Yahoo, Microsoft search gains not what they may seem

June 11, 2010

Yahoo’s search revival continued in May, but with a big asterisk.

After watching its share of the U.S. Internet search market erode for more than a year, Yahoo logged its third consecutive month of gains in May, according to the latest comScore figures, which were dutifully reported by various Wall Street analysts on Friday.

YHOOSIGNAGEYahoo’s search share increased to 18.3 percent in May, up from 17.7 percent the month before.

Microsoft, which has been steadily gaining share since it introduced its new Bing search engine last year, upped its share to 12.1 percent in May, from 11.8 percent in April.

Meanwhile, top-dog Google, saw a slight decline in May, with search share of 63.7 percent, compared to 64.4 percent in April.

But the latest ComScore data is based on clever techniques that some of the search sites have started using to boost their numbers.

UBS analyst Brian Pitz notes that Yahoo’s share improvement in May comes from counting an additional 284 million search queries of so-called “contextual searches,” which is a fancy term for features like photo slideshows in Yahoo News in which every click to a new slide counts as an additional search query.

That’s because at the bottom of each photo are search results from an automatically-generated “related search” query – Click on a new photo and you’re conducting a new search, whether you knew it or not.

While Yahoo’s share numbers are now more consistent with Microsoft, which already made use of these kinds of techniques, Pitz points out that it doesn’t necessarily indicate a revival of Yahoo’s search business.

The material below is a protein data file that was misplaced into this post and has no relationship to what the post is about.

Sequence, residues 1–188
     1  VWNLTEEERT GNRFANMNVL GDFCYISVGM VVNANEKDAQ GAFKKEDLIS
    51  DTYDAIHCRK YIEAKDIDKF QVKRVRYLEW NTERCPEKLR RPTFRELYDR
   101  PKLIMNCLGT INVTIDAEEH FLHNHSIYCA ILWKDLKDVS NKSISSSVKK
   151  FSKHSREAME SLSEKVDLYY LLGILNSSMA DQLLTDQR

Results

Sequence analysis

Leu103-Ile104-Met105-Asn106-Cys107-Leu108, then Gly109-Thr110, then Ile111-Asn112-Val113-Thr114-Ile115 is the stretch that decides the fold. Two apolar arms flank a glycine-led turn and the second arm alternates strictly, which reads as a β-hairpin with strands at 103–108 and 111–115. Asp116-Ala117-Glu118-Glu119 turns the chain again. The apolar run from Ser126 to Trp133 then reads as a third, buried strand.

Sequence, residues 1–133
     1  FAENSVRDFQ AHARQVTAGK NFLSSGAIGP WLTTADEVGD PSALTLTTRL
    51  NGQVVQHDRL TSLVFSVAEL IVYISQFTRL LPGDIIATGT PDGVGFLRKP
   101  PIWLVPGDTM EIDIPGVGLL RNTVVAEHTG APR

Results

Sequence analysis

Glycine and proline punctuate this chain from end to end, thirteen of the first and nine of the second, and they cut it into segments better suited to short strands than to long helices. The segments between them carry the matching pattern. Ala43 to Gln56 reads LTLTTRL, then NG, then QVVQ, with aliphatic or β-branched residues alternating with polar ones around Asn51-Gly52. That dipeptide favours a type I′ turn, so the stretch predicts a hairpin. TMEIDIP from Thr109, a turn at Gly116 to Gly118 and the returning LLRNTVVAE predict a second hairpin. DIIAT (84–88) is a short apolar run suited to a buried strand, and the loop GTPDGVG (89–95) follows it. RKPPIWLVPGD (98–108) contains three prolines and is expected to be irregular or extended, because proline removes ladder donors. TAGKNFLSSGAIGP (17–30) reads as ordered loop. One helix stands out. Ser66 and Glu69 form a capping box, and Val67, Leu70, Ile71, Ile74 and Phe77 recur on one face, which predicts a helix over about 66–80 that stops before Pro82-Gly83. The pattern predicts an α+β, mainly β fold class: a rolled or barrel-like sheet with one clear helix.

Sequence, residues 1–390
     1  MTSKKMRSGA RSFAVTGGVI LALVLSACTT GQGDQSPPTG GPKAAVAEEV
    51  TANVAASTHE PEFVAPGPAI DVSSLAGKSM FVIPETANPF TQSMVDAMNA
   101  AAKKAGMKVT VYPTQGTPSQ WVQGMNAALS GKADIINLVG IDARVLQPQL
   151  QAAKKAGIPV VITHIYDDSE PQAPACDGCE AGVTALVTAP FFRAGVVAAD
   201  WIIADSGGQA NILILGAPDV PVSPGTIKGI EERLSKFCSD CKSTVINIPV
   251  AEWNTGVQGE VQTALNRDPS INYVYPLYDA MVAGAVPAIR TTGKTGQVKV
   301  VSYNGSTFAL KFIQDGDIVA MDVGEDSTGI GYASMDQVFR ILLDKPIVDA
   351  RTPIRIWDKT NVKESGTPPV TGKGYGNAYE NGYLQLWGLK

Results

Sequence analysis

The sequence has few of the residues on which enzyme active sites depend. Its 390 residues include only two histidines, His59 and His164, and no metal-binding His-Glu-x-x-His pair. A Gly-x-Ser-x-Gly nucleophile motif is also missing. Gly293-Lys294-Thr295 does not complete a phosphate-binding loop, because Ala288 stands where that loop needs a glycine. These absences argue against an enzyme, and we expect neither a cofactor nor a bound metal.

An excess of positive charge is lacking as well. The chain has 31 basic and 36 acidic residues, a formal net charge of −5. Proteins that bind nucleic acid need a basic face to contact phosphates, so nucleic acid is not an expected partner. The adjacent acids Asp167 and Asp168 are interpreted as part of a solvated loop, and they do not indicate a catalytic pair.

“We do not expect these changes to have a material economic impact, as the user intent is likely to view multiple photos in the slideshow, rather than perform multiple searches,” he writes in a note to investors.

Broadpoint Amtech’s Ben Schachter is even more blunt, noting that Yahoo’s search share actually declined to 16.6 percent in May, while Microsoft’s was flat, if you exclude tricks like contextual shortcuts and image slide-shows from both April and May data.

Of course, Yahoo’s slide-show search techniques are but one aspect of the company’s broader strategy to revive its search business, Schachter said, pointing to more traditional efforts such as improving the user experience and increased distribution and marketing.

But, he noted, “we do not believe this data will cause many to think that Yahoo’s search share problems are now solved.”

Yahoo Senior VP of Search Products Shashi Seth defended the validity contextual search features in a blog post on Thursday, noting that “Today, tons of searches can actually be done without ever hitting return on a search box.”

“People no longer search to find a list of of blue links; they search to find answers in the shortest amount of time possible,” he said, noting that Yahoo is eager to talk to firms like comScore about how best to measure the new “paradigm” of search.

Meanwhile, comScore said it is re-evaluating its methodology for determining search share in light of the recent changes by some of the portals. The firm said in a blog post that it could introduce a new basis quantifying search share for the July data.

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